Add some adventure and nutrition to your grilled meals by grilling vegetables and fruits.
Grilling vegetables isn't an exact science. Veggies don't all cook for the same length of time. Experiment with settings on your grill as vegetables and fruits generally cook at a lower temperature than you would use to grill meat. Watch the veggies closely so they don't overcook or burn. Smaller pieces will cook more quickly than larger ones. An added bonus is that potentially dangerous carcinogens don't form when grilling fruits and vegetables, which can happen can when grilling meat.
When grilling vegetables, avoid cross contamination with raw meat. Use separate tongs and plates and temper the grill surface to medium to medium-high heat before adding raw produce.
Drizzle low-water content veggies such as baby or whole carrots, mushrooms, asparagus and summer squash with oil so they won't stick before laying them directly on the grill. If you're cooking smaller chunks, use a grilling tray or thread a colorful combo on skewers.
If eggplant, pepper or zucchini aren't some of your favorite vegetables, try grilling them. Grilling them might change their taste enough that you will enjoy them. Drizzle these fresh grilled veggies with balsamic vinegar. It tastes great with the smoky flavor from the grill.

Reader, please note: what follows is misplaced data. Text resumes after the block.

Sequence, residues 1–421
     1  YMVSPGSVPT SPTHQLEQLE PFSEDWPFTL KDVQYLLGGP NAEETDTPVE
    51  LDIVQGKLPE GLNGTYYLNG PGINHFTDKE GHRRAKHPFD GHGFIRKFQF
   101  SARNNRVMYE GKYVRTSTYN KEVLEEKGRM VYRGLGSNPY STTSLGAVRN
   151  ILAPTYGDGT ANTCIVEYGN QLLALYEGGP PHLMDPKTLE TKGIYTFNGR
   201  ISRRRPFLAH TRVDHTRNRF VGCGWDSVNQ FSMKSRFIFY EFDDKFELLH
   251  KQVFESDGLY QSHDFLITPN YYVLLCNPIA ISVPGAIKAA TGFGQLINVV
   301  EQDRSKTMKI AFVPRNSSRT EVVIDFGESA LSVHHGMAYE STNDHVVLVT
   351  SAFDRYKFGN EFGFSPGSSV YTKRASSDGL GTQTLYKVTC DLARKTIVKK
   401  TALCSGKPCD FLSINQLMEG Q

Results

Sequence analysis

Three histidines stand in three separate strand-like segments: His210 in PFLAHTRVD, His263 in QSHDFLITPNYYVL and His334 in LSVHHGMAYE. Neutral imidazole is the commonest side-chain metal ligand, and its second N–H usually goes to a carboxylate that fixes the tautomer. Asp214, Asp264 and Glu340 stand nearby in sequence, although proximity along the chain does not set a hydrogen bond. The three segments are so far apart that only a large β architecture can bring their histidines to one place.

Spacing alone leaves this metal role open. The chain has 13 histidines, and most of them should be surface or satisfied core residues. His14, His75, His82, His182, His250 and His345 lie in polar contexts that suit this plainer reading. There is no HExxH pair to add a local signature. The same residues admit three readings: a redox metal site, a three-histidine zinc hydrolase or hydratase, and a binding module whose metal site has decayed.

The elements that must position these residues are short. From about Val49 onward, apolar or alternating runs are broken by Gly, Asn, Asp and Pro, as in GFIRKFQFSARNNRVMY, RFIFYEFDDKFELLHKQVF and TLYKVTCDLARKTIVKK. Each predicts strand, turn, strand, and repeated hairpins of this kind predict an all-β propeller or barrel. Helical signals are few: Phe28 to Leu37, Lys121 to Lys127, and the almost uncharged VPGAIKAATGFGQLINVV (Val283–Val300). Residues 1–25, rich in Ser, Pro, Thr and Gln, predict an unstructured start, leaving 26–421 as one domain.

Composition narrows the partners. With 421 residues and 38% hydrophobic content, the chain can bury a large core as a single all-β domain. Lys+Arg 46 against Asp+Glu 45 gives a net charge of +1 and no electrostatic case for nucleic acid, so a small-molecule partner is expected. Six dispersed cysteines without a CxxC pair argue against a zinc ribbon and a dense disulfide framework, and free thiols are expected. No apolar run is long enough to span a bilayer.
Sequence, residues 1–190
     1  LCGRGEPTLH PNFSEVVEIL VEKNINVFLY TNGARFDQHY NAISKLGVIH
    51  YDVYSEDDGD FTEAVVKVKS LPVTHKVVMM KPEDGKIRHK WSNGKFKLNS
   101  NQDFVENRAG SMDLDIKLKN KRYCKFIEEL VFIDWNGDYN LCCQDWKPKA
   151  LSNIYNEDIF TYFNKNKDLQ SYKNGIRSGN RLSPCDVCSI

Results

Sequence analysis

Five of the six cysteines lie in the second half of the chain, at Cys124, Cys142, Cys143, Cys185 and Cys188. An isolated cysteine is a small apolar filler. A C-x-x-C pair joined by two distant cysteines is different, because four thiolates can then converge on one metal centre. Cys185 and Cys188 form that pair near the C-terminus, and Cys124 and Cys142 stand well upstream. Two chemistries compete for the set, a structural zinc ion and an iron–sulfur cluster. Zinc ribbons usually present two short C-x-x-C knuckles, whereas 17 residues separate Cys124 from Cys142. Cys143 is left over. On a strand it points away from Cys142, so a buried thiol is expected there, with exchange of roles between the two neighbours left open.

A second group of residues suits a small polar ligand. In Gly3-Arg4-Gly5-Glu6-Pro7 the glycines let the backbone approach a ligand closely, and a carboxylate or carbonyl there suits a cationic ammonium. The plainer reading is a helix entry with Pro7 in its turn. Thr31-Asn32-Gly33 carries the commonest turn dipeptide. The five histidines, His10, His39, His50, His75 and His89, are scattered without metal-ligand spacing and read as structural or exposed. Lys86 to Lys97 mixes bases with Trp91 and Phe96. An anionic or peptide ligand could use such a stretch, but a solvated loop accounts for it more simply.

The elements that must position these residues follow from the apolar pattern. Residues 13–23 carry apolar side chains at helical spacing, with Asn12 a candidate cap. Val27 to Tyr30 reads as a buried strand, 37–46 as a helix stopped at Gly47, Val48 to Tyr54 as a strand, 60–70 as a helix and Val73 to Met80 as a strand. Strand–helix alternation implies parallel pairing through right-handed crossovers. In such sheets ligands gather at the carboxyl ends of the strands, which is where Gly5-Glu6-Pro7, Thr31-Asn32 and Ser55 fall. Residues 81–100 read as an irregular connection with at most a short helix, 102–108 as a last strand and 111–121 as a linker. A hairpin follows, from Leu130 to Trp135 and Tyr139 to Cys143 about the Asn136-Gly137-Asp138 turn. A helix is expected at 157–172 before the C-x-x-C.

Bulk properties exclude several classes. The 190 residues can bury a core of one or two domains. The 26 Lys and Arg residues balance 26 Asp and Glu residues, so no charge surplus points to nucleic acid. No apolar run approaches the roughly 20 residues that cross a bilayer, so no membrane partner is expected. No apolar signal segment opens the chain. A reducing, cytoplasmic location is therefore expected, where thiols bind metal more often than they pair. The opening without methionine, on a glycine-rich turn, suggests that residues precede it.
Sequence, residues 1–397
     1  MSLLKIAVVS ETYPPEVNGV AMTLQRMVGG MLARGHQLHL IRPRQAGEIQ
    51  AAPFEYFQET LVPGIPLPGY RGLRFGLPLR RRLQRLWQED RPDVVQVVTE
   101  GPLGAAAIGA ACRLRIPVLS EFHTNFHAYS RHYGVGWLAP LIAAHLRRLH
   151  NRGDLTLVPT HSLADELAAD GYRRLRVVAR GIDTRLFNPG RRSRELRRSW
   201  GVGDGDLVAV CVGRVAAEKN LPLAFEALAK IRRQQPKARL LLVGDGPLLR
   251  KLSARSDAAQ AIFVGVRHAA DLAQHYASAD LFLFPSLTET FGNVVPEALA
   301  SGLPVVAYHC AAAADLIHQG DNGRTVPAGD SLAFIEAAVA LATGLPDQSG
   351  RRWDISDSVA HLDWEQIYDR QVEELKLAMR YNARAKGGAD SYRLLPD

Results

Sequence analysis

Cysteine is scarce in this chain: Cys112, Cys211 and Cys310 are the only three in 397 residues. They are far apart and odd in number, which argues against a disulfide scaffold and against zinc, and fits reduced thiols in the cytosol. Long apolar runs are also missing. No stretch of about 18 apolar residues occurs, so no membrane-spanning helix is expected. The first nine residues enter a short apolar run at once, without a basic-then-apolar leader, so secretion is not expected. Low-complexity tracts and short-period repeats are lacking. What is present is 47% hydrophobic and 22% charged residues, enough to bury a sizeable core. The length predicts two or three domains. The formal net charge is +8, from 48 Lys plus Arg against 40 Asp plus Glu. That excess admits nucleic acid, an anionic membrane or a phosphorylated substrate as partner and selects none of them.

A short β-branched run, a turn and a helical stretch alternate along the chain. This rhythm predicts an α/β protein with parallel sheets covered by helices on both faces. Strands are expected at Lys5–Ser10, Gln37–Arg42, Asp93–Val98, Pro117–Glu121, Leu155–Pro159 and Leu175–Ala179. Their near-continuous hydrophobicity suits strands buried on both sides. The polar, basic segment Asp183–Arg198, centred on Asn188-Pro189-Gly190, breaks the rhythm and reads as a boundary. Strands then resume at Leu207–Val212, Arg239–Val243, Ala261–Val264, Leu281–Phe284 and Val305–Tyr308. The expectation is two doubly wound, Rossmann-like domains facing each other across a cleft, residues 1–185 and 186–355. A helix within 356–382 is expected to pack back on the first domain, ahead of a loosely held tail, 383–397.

Combine corn on the cob cut into 2-inch chunks, sweet potato slices and onion wedges brushed with oil on a perforated grilling pan and grill until the veggies are tender. Use the grill to steam white or sweet potatoes in thick slices sprinkled with olive oil, your favorite herbs and a dash of salt in foil packets. Cook on the grill for 15 minutes, then flip the packets.
Lightly score the cap of portabella mushrooms in the shape of an "x" to permit some of the moisture to escape. Turn upside down and drizzle the underside with a little olive oil and herbs. Grill them cap side down on foil for about 10 minutes. Sprinkle them with cheese to add protein and flavor and eat as a sandwich or part of a meal.
Use leftover grilled veggies, which keep well for up to three days when wrapped and refrigerated, in sandwiches, over cooked rice or couscous, or mixed into a green or pasta salad.
Desserts are easy on the grill. The grill caramelizes sugar in fruit and releases juices. Firm fruits like apples, pineapple and pears require less monitoring than softer fruits such as nectarines, peaches and bananas, which cook quickly. Cut stone fruits and seeded fruits in half, remove the pit or core and brush them with oil so they won't stick to the grill. Grill them until they are heated through and a golden color. After grilling fruits, sprinkle them with cinnamon or add low fat ice cream or yogurt.
Visit Maryland's Best, marylandsbest.net/tips.php, to learn what fruits and vegetables are currently in season. This site will also give you a list of local markets where you purchase locally grown fresh fruits and vegetables.
Lynn Little is a family and consumer sciences educator with University of Maryland Extension in Washington County.